As disclosed in Reaction Scheme 2, the compounds of Formula (I) can be prepared by submitting an appropriate indole (1) to a condensation reaction to give an 2-aryl-3-(indol-3-yl)propenonitrile of structure (4), hydrolysis to give compound (5), and deprotection and/or functionalization to give a compound of formula (I). In preparing compounds of Formula (I) in which G is pyridyl the method described in reaction Scheme 2 is preferred.

In Reaction Scheme 2, step 1, an appropriate indole of structure (1) is contacted with an appropriate arylacetonitrile in a condensation reaction to give a 2-aryl-3-(indol-3-yl)propenonitrile of structure (4).

An appropriate indole compound of structure (1) is one in which R1, and Z are as desired in the final product of Formula (I), Pg1 is X as desired in the final product of formula (I) or gives rise after deprotection and functionalization as required to X as desired in the final product of Formula (I), and Pg3 is hydrogen or a protecting group which is readily removed to give a final product of Formula (I) or allows for selective deprotection and functionalization as may be required to incorporate X and Y desired in the final product of Formula (I). Appropriate indoles of structure (1) are readily prepared by methods well known in the art, such as the Fischer indole synthesis, introduction of a 3-position carbonyl substituent, and if required, protection of the indole nitrogen.

An appropriate arylacetonitrile, G—CH2—CN, is one in which G is as desired in the final product of Formula (I).

For example, an appropriate indole of structure (1) is contacted with an appropriate arylacetonitrile. The reaction is carried out in a suitable solvent, such as tetrahydrofuran, ethanol, or methanol. The reaction is carried out using a suitable base, such as piperidine, triethylamine, sodium hydride, or sodium carbonate. The reaction is generally carried out at temperatures of from ambient temperature to the refluxing temperature of the solvent. The reaction generally requires from 1 hour to 120 hours. The product can be isolated by techniques well known in the art, such as extraction and evaporation. The product can then be purified by techniques well known in the art, such as distillation, chromatography, or recrystallization.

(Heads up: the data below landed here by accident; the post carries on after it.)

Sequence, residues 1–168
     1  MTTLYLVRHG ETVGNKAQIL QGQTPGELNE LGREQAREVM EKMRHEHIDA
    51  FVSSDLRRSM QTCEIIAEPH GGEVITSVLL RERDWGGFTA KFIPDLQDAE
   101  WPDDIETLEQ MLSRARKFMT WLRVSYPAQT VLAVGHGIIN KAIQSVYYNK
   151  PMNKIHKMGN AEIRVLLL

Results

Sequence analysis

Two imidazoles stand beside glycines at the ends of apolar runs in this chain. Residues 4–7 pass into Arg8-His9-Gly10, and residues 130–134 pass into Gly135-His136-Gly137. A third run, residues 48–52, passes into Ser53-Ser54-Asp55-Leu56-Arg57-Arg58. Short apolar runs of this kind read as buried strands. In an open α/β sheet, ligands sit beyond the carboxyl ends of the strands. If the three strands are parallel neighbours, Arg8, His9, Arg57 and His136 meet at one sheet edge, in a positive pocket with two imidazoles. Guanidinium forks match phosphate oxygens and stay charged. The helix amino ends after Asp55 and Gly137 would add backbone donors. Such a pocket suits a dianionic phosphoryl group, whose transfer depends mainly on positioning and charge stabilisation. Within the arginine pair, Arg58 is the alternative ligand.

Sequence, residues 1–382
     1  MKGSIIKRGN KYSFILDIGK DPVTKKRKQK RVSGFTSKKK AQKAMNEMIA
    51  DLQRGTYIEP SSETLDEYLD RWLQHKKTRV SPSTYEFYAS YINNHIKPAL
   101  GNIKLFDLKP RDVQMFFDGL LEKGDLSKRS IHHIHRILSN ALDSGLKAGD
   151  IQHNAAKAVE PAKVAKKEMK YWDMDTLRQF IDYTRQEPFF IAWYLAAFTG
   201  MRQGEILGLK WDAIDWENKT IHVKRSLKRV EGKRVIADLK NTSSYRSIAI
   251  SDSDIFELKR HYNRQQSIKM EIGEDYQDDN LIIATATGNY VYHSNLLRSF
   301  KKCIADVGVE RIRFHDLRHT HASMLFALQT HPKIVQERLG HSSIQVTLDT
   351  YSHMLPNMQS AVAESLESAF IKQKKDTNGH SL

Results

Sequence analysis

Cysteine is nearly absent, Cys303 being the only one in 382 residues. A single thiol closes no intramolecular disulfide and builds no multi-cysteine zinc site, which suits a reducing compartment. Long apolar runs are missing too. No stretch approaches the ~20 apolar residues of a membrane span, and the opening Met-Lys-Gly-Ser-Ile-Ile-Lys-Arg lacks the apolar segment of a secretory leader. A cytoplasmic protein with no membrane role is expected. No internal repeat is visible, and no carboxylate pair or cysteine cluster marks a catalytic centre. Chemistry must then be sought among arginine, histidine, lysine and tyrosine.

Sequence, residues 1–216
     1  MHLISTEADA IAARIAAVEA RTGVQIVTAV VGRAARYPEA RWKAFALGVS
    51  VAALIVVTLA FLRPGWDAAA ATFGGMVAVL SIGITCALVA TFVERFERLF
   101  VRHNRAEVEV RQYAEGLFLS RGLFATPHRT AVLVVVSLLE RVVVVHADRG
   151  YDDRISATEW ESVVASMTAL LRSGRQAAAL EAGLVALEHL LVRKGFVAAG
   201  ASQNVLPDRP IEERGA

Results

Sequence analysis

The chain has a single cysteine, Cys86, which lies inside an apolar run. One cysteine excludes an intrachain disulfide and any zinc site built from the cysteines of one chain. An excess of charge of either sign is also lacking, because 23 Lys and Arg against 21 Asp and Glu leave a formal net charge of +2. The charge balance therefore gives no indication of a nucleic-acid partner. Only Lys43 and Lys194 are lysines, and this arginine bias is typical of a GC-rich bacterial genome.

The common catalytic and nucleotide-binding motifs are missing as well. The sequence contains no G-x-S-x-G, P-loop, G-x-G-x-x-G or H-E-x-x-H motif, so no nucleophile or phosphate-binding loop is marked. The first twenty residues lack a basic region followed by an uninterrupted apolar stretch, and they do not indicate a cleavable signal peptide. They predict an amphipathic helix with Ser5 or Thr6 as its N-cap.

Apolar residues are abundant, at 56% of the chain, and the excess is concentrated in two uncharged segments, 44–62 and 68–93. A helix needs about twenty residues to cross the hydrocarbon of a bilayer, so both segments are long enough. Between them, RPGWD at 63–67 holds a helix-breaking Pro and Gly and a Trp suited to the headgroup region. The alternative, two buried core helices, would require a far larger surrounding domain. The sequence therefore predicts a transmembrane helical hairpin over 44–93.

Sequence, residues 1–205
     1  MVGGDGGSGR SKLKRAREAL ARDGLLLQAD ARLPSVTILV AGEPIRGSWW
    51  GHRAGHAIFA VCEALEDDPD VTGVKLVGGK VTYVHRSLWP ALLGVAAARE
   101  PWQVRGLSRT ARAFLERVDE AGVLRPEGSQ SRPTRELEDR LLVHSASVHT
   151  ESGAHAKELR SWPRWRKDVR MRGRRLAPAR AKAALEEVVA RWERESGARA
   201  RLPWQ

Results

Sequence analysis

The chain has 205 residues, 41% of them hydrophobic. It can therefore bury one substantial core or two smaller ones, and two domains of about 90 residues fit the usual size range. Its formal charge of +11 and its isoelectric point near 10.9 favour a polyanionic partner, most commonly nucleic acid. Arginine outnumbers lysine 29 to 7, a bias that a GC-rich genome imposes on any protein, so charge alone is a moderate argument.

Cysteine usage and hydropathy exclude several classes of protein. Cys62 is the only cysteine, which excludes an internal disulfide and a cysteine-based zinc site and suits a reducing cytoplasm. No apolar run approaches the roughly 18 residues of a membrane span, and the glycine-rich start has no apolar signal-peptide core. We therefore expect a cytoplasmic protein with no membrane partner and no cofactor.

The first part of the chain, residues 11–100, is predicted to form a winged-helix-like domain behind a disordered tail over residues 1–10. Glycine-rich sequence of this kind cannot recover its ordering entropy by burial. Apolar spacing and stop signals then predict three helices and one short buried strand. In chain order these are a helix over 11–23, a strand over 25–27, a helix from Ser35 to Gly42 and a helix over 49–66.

In Reaction Scheme 2, step 2, an appropriate 2-aryl-3-(indol-3-yl)propenonitrile of structure (4) is hydrolyzed to give a compound of structure (5) in which Y1 is —OH or —NH2. It is understood that such hydrolyses may be carried out in a number of steps through intermediates, such as imides.

In Reaction Scheme 2, step 3, the compound of structure (5) obtained from the hydrolysis reaction may be optionally protected, deprotected, and functionalized using techniques well known in the art and described in Reaction Scheme 1, step 3, to give compounds of Formula (I). These techniques include formation of esters to give a compound of structure (3), hydrolysis of esters, selective hydrolysis of esters, transesterification, removal of indole protecting groups, amidation of activated ester leaving groups, and esterification of activated ester leaving groups.

The following preparations represent typical procedures for preparing starting materials used in the examples. The following examples present typical syntheses as described in Reaction Scheme 1, and Reaction Scheme 2. These preparations and examples are understood to be illustrative only and are not intended to limit the scope of the invention in any way. As used in the following preparations and examples, the following terms have the meanings indicated: “kg” refers to kilograms, “g” refers to grams, “mg” refers to milligrams, “mol” refers to moles, “mmol” refers to millimoles, “L” refers to liters, “mL” refers to milliliters, “°C.” refers to degrees Celsius, “M” refers to molar, “mp” refers to melting point, “dec” refers to decomposition.